The Los Angeles–based writer powers through the last stretch of summer with cardio drudgery, high-concept takeout, and reading as a necessary distraction.
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Roxane Gay has nothing good to say about her exercise bike. Or the elliptical machine. Or a long walk. It’s “all horrible,” the writer explains by phone, her tone as blank as her post-workout selfies on Instagram Stories. “34:33 cardio,” a recent caption read, her face glistening and joyless beneath a hot-pink head wrap. It qualifies as #fitspo, but Gay’s version refuses to conform to influencer banalities. “What does it mean to live in an unruly body?” asked Gay in a prompt to writers for her 2018 pop-up magazine with Medium. In the previous year’s Hunger: A Memoir of (My) Body, Gay offered up her own answer in unsparing, incisive detail. Lately, that unruliness is matched by Gay’s commitment to fitness tedium. For her, there’s longevity to consider, and weight loss—“but not in the way that is toxic,” she points out. “I just recognize that, in general, it’s required for stamina.”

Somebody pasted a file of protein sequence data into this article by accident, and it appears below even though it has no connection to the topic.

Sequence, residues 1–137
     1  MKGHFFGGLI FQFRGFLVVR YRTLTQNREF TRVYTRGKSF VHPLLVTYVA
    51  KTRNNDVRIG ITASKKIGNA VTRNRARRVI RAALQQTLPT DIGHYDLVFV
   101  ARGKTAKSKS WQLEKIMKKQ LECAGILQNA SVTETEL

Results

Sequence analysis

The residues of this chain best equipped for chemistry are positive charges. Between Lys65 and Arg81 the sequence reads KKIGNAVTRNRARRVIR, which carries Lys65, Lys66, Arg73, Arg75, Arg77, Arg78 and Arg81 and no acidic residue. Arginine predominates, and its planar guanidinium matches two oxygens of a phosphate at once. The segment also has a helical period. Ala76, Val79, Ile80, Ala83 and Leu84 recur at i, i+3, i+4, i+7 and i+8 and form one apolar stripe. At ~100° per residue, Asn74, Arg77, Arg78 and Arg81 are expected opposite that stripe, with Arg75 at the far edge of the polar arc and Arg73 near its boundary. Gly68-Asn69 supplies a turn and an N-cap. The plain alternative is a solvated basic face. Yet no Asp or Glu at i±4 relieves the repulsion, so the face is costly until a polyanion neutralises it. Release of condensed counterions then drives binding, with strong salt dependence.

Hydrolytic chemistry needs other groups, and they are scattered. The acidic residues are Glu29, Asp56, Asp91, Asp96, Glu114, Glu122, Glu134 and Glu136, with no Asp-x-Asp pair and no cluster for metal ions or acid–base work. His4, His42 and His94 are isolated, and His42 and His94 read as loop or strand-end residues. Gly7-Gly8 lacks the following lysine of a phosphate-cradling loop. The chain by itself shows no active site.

Girding for the long haul seems wise in a year worn down by pandemic, social injustice, and election malaise; amidst all that, Gay is juggling book projects, a New York Times advice column, and screenwriting, plus a podcast she cohosts called Hear to Slay. But a new collection of Audre Lorde’s work, edited by Gay and out this week, speaks to the need for a deeper kind of stamina. “Unfortunately, so much of what Lorde was writing about 30 years ago is still applicable today,” says Gay, who imagines that Lorde would be “absolutely unsurprised” at what little has changed. Themes of police violence, housing instability, and the marginalization of Black women surface in the book—alongside the sensory pleasures of a kiss or hair washed with fresh flowers. “She valorized the body as much as she valorized the mind,” Gay writes in the introduction.